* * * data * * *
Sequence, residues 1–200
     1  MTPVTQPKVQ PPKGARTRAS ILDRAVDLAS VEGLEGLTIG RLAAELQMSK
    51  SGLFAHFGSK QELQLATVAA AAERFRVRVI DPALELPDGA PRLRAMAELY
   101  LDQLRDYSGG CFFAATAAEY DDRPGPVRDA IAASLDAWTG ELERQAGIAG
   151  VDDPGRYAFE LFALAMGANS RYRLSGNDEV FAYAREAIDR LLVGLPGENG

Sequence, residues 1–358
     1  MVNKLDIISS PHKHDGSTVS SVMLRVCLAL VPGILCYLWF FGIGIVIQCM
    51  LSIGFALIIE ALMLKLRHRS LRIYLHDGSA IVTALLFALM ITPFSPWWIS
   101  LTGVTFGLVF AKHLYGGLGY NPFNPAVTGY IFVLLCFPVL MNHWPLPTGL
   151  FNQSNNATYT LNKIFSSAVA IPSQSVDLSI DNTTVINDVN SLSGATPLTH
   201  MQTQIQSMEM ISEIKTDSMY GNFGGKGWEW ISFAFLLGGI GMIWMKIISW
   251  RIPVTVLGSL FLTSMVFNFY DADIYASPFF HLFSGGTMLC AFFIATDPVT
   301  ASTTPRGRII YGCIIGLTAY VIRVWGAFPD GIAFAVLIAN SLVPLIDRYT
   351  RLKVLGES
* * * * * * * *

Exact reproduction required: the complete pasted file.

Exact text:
Sequence, residues 1–200
     1  MTPVTQPKVQ PPKGARTRAS ILDRAVDLAS VEGLEGLTIG RLAAELQMSK
    51  SGLFAHFGSK QELQLATVAA AAERFRVRVI DPALELPDGA PRLRAMAELY
   101  LDQLRDYSGG CFFAATAAEY DDRPGPVRDA IAASLDAWTG ELERQAGIAG
   151  VDDPGRYAFE LFALAMGANS RYRLSGNDEV FAYAREAIDR LLVGLPGENG

Sequence, residues 1–358
     1  MVNKLDIISS PHKHDGSTVS SVMLRVCLAL VPGILCYLWF FGIGIVIQCM
    51  LSIGFALIIE ALMLKLRHRS LRIYLHDGSA IVTALLFALM ITPFSPWWIS
   101  LTGVTFGLVF AKHLYGGLGY NPFNPAVTGY IFVLLCFPVL MNHWPLPTGL
   151  FNQSNNATYT LNKIFSSAVA IPSQSVDLSI DNTTVINDVN SLSGATPLTH
   201  MQTQIQSMEM ISEIKTDSMY GNFGGKGWEW ISFAFLLGGI GMIWMKIISW
   251  RIPVTVLGSL FLTSMVFNFY DADIYASPFF HLFSGGTMLC AFFIATDPVT
   301  ASTTPRGRII YGCIIGLTAY VIRVWGAFPD GIAFAVLIAN SLVPLIDRYT
   351  RLKVLGES